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At the dawn of the 20th century, cycling was the most popular sport on three continents, North America, Europe, and Australia. Tens of thousands of spectators were drawn to the tracks and Velodromes to witness mass start racing and the new dangerous and sometimes deadly off-shoot, motor pacing which bore little resemblance to bicycle racing today. In motor-paced racing, cyclists would draft behind motorcycles, reaching speeds over 60 miles per hour on high-banked tracks intended for half that speed. Blown tires, broken chains, and wheel overlap routinely produced spectacular crashes and deaths of both riders and spectators. In brutal six-day races of endurance, well-paid competitors often turned to cocaine, strychnine, and nitroglycerine for stimulation and suffered from sleep deprivation, delusions, and hallucinations.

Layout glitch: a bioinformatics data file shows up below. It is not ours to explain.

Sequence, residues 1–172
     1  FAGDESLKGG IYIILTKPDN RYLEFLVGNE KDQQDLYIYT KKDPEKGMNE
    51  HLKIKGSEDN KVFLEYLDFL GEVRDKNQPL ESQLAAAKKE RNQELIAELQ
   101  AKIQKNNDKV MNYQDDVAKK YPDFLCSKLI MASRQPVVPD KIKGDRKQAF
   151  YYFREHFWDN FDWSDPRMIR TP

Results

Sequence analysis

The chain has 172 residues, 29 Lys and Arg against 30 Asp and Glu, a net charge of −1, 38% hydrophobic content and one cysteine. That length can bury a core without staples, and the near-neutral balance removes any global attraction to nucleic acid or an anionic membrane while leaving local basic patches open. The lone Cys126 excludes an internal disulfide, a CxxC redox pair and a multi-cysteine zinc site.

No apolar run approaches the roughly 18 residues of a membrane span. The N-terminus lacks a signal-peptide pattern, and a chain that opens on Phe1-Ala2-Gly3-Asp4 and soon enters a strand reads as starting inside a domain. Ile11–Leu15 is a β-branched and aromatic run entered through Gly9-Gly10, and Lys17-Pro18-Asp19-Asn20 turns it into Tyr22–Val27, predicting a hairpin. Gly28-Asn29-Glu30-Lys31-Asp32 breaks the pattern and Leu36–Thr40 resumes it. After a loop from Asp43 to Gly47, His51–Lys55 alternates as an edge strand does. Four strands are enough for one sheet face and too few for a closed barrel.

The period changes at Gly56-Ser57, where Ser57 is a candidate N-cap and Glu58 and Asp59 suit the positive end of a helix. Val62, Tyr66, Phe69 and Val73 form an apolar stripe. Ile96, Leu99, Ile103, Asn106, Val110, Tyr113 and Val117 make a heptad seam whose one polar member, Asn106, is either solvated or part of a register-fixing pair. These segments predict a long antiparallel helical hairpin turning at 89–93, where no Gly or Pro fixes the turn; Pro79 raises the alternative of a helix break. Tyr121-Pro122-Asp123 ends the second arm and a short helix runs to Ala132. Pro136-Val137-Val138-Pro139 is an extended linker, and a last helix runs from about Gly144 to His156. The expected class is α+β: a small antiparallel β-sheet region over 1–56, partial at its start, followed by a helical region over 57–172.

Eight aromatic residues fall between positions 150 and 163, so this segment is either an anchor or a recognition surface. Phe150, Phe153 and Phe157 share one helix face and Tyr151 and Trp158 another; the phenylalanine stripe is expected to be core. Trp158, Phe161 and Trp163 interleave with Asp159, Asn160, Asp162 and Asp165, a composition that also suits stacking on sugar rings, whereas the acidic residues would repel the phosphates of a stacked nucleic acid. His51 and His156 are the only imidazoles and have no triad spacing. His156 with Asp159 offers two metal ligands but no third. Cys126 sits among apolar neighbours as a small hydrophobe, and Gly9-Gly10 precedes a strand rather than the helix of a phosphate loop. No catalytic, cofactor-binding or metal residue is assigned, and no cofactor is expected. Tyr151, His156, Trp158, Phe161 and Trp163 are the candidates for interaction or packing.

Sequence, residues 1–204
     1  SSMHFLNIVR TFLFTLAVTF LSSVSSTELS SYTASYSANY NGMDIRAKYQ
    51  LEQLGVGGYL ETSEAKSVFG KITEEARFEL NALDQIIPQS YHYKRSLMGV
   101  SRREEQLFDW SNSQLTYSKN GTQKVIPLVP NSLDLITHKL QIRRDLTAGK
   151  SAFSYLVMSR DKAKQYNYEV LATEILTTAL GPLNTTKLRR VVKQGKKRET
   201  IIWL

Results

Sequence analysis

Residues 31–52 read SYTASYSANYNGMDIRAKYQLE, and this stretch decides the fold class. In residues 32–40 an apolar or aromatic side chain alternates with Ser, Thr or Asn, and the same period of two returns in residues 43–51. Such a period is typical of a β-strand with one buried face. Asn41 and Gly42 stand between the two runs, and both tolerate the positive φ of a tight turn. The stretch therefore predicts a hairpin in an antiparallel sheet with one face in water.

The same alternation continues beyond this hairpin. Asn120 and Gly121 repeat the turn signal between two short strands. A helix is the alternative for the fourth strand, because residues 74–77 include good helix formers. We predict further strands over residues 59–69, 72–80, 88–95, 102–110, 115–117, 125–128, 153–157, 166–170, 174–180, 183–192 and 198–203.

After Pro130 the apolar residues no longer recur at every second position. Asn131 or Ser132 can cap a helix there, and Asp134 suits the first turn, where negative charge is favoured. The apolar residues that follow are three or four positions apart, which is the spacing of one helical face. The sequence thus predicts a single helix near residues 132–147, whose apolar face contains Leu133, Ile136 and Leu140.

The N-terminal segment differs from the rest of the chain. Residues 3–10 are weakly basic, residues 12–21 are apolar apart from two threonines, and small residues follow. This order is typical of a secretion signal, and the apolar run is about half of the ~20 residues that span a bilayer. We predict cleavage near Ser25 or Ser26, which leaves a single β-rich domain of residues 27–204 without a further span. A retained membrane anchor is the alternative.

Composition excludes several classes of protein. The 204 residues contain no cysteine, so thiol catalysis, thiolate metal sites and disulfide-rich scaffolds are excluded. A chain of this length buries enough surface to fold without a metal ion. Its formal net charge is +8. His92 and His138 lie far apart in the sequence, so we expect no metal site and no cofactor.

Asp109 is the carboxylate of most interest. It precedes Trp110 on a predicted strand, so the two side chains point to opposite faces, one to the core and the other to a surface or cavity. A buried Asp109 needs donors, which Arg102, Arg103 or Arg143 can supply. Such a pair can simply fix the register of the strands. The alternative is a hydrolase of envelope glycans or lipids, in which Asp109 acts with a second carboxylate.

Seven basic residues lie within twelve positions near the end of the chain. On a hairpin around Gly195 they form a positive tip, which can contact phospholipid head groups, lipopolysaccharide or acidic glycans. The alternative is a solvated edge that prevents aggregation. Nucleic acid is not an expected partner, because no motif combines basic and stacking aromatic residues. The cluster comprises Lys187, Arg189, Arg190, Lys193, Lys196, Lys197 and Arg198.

Yet one of the first sports superstars emerged from this curious and sordid world. Major Taylor was a deeply religious young man who turned professional while still a teenager and began winning races on the world stage. President Theodore Roosevelt was one of his greatest admirers. But it was not Taylor’s youth that cycling fans first noticed when he edged his wheel to the starting line. Nicknamed “the Black Cyclone,” he would rise to fame as the champion of the world almost a decade before the African-American heavyweight Jack Johnson won his world title. As with Johnson, who was Taylor's friend, crossing the color line was not without complication, especially in the United States, where he often had no choice but to engage in physical jostling with his competitors at high speed in order to win.

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